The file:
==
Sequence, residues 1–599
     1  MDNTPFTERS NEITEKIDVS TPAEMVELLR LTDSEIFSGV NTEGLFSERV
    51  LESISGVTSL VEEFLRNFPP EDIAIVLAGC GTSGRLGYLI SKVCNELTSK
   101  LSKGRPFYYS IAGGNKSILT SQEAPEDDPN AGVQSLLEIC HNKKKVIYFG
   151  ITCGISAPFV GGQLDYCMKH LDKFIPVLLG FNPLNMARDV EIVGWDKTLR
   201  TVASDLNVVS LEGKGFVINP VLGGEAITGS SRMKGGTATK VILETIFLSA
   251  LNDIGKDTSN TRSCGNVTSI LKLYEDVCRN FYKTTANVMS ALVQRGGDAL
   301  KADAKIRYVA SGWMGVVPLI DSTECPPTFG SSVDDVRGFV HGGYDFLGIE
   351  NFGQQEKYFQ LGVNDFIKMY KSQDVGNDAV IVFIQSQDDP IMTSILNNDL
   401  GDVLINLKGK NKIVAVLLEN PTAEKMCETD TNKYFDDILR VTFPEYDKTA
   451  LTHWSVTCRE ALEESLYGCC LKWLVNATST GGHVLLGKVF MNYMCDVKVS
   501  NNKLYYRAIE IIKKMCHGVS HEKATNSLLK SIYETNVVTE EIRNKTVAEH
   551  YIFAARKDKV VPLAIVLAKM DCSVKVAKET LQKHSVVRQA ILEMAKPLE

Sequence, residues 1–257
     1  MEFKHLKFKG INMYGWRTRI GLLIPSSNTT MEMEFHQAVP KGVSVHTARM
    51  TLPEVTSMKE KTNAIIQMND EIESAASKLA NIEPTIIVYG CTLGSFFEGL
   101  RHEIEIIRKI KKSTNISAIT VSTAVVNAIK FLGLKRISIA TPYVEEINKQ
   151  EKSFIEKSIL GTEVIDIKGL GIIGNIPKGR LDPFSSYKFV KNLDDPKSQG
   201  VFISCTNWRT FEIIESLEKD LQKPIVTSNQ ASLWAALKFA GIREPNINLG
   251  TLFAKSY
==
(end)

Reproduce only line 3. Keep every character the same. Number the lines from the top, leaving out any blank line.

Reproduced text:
    51  LESISGVTSL VEEFLRNFPP EDIAIVLAGC GTSGRLGYLI SKVCNELTSK